DRUCQUERS: THE PAST SMELLS
My tastes in many things were formed during my misspent youth, during which I worked at a tobacconist in Berkeley (Drucquer & Sons) that my father and my uncle had patronized when they were going to school. My father had introduced it to me when we visited The States by dryly remarking that it was a kind of snooty place, I might like it.
More than the offering of tobaccos, however, was the atmosphere (old world, colonial products, opinionated people), and the chance it gave me to wean myself of homesickness by stinking in the manner to which I had become accustomed (Latakia mixtures plus bizarre experiments with straight leaf), and develop my tastes under the benign tutelage of a short strong-minded Chinese woman who read a lot, discussed music with one of the patrons (Jack Gail), and held her own decisively in conversation, especially with the rather jovial collegiate men who drifted in on Saturday afternoon.
I may have partially repaid those lessons by introducing her to the finest Chinese teas, and advising her to visit Amsterdam and Brussels.
As well as teaching her about Indonesian coffee beans.
In those days I was a little eccentric.
Oh, plus pottery, Chinese seals, and I-Hsing teapots.
Eventually I floated out of Berkeley's orbit. Drucquers got sold, Greg Pease worked there a number of years, left, and finally the place closed. People hardly smoke pipes in this age, and though it was legendary, it was unhip in the extreme. Today, tobacco is a black sheep and a political hot potato.
Merchants like Drucquer & Sons aren't suited to the present age.
Tobacconists everywhere are disappearing.
Because of do-gooders.
"Will no one think about the children!?!"
Oh bugger the little brutes! If they smoked pipes and fine cigars, they'd be a lot better than playing video games all day and bullying their more geeky classmates! Besides, most children are little disease vectors, and unfit for civilized society until they've been vaccinated, spanked, taught some manners, and have started getting over their juvenile conceit!
The first step is weaning them away from vapors.
As well as fruity aromatics.
But enough about your loathsome offspring.
Berkeley was at one point the nexus of the universe. Bookstores, coffee, tobacco ... one did not see the pot, patchouli, and self-impressed intellectual failures with gluten allergies that are there now.
It was once a charming place.
Dunhill 965, Black Mallory, Robert McConnell, Constantinople, State Express London Mixture, John Cotton, Capstan ...
[And of course Balkan Sobranie; you knew I was going to mention it.]
The store was in an elongated space, narrow and deep. Main shop floor, humidor, office, blending room, and both miscellaneous storage as well as pipe restoration in the back. I spent hours working on pipes, wandering out occasionally for fresh air, or to talk with Cara and Alice over their bins of tobacco, to grab a cigar, to grab lunch. In the evening two or three of us would stay in the office, where the owner (Robert Rex) kept the hundreds of pipes that weren't on display in his home.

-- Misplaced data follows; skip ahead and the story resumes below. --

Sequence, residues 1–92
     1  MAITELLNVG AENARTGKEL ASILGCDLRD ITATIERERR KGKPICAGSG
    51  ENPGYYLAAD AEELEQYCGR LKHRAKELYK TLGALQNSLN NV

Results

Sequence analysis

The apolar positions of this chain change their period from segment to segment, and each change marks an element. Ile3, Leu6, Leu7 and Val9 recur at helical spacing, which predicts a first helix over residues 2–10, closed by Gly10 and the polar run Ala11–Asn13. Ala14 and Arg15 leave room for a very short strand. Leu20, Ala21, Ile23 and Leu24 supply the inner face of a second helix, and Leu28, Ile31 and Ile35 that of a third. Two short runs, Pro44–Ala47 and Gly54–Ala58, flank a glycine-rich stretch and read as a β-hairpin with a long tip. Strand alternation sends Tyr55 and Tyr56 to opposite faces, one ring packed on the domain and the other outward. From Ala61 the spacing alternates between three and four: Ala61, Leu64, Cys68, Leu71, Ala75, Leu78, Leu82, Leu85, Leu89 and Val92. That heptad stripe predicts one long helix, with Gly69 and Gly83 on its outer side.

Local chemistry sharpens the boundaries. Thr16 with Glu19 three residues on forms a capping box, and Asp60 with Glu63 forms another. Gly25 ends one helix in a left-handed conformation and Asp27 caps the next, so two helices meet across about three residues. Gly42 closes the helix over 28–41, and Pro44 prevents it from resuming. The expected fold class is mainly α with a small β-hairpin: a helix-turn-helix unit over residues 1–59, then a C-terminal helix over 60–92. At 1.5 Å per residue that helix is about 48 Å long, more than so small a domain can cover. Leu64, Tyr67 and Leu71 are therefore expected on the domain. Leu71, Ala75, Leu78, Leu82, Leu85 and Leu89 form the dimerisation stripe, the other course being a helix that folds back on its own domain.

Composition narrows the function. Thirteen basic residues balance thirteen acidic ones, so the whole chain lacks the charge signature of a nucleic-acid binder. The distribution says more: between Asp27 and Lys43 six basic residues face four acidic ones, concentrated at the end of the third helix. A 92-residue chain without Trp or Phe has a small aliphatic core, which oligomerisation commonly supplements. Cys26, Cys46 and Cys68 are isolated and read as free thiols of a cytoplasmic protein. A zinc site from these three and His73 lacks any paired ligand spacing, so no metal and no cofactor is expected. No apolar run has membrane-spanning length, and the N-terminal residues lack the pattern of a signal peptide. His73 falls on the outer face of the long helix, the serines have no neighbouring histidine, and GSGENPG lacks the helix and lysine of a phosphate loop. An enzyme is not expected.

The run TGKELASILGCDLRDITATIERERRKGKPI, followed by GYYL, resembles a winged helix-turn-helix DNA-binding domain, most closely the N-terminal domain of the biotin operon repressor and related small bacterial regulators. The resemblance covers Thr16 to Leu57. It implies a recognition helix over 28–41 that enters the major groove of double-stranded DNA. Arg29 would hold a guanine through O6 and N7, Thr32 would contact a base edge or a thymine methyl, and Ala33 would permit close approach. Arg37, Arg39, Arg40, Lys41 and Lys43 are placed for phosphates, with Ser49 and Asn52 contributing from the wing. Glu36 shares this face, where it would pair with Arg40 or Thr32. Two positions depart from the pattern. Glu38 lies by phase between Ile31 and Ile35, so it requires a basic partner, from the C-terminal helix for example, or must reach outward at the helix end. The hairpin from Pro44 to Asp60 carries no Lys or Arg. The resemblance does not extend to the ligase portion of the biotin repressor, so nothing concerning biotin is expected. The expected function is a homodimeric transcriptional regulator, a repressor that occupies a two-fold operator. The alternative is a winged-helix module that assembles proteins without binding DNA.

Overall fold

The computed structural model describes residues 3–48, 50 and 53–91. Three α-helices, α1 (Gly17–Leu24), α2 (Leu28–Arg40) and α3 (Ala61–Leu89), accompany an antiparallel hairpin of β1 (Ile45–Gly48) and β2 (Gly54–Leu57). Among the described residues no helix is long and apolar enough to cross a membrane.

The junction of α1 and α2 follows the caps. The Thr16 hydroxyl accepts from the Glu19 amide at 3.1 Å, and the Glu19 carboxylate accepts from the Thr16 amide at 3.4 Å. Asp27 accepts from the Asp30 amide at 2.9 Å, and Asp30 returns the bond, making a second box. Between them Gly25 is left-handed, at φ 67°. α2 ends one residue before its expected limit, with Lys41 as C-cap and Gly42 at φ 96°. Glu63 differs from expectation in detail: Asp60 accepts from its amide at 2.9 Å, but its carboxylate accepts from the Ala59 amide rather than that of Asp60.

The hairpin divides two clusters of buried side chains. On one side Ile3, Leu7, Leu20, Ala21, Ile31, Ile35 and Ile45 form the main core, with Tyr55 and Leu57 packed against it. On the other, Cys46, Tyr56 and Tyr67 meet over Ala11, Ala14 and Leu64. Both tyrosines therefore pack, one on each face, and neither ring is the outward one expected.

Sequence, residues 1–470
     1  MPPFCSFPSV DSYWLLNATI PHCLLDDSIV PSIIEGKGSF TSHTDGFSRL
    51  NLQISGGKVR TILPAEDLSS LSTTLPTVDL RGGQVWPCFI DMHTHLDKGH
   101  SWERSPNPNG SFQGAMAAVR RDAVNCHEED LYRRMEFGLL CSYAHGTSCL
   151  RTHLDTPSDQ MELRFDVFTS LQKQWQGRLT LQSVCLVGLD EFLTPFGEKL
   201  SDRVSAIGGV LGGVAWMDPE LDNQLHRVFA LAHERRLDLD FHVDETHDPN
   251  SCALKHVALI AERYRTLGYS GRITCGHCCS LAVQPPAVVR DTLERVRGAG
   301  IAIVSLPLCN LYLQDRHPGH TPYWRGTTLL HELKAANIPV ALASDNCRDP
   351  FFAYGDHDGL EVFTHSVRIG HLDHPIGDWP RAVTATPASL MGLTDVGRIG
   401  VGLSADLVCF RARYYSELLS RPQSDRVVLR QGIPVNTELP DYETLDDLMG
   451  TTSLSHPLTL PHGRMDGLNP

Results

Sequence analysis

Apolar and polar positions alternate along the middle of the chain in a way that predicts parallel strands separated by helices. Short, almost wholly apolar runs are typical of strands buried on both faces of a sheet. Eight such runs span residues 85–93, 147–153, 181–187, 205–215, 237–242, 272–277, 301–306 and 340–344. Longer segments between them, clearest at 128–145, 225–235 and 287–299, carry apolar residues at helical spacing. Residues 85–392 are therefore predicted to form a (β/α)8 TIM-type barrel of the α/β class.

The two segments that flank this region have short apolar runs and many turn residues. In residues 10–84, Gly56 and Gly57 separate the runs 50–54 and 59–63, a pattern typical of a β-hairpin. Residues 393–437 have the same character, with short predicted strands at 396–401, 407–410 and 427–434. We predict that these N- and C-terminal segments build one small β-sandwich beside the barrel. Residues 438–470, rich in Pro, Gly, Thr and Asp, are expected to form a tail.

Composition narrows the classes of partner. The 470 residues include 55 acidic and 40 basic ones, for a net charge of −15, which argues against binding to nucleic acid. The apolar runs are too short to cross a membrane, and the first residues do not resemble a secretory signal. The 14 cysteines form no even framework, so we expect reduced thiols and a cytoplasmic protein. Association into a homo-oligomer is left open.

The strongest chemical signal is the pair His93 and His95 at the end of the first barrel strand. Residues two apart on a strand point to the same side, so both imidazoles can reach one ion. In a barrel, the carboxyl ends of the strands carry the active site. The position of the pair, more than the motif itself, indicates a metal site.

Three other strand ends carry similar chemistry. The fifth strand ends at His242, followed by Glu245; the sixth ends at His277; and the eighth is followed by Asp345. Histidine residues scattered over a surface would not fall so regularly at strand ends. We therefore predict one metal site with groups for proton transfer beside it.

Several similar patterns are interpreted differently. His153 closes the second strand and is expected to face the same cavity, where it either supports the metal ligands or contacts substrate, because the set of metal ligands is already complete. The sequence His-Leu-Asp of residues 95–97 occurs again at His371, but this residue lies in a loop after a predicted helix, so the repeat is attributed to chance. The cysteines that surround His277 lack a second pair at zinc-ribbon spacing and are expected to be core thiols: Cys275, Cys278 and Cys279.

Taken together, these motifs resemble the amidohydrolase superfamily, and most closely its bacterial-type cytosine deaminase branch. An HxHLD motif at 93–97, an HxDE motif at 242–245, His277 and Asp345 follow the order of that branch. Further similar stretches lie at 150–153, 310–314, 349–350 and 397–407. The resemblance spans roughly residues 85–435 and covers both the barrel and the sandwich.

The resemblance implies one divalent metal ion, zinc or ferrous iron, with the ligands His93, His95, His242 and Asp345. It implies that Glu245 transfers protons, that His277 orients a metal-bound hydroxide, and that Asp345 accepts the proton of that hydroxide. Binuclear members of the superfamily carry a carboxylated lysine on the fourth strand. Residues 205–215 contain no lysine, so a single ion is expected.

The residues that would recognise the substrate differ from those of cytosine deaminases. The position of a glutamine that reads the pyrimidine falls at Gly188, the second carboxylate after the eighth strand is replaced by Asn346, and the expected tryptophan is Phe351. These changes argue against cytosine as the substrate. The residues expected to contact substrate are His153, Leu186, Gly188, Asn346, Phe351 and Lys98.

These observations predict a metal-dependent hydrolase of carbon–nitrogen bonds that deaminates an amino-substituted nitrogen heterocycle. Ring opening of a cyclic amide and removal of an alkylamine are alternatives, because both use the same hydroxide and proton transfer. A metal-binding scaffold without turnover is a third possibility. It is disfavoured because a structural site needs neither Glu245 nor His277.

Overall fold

I once outmanoeuvred him on a Comoy Blue Riband, which I still own. But he had some spectacular Dunhills just strewn higgledy-piggledy on the cluttered shelf above his desk; a veritable museum of briar.
By the time I had been there a few weeks I no longer noticed the smell of tobaccos nearly as much. Like with the wonderful aroma of the Indian Restaurant, it had faded into the odour-equivalent of white noise.
During the next few years I read books by Marguerite Yourcenar, Willa Cather, Edward H. Schafer, Herlee Glesner Creel, Wyndham Lewis, Evelyn Waugh, Faulkner, and Proust. My first introduction to O'Henry, and a very fond revisiting of De Spaanschen Brabander by Bredero, as well as finally learning to appreciate Vondel, occurred at that time, as well as a brief flurry of interest in noted literary man Suffridus Sixtinus.
It was an educational interlude.
[No, I shall not detail Donald's friend Elizabeth, who smoked cigars and occasionally a pipe. She collected guns and drank Old Grand Dad; altogether a very exciting girl.
Sparkling, vivacious, and commendably stubborn.]
Tea. Coffee. Scotch Whisky. Pipe tobacco. The office in the back of the shop. The stacks of the university library. Bookstores on Telegraph Avenue. Caffè Mediterraneum. Dwinelle Hall, Sather Gate, Moffit, and the campus redwoods.
I was a very blinkered person.
In the years since, I have lived in Berkeley, Oakland, Alhambra, Monterrey Park, and San Francisco. I have travelled a bit -- South East Asia, Canada, Europe -- and had a long-term relationship. Which ended. Dammit.
Yes, I am older. But I still read, smoke pipes, and drink tea.
Time has not weighed heavily upon me.
I've probably not matured very much. A bachelor again, I have become the still feisty and disreputable uncle you should never trust around your kids, as I will introduce them to tobacco and a well-rounded vocabulary, and may very well plant mind-worms in their impressionable little heads.
At the very least they'll end up with broader tastes in literature, putting hot sauce on everything, and turning into bright young ladies with a marked affection for gluten, roast duck, cigars, and fine pipe tobacco.
As well as the individuals who still enjoy those things.
They won't be safe for the suburbs.
Something Greg Pease said about bringing back the old Drucquers blends stimulated this revisiting of the past, and the years in between. As well as all the nose memories of that time. I wonder if he has found a replacement for the Black Virginia that went into the Arcadia mixture?
Levant, Trafalgar, Red Lion, Blend 805 ...
I used to smoke Royal Ransom a lot.
An over-indulgence in Latakia.
Deep reeky perfume.
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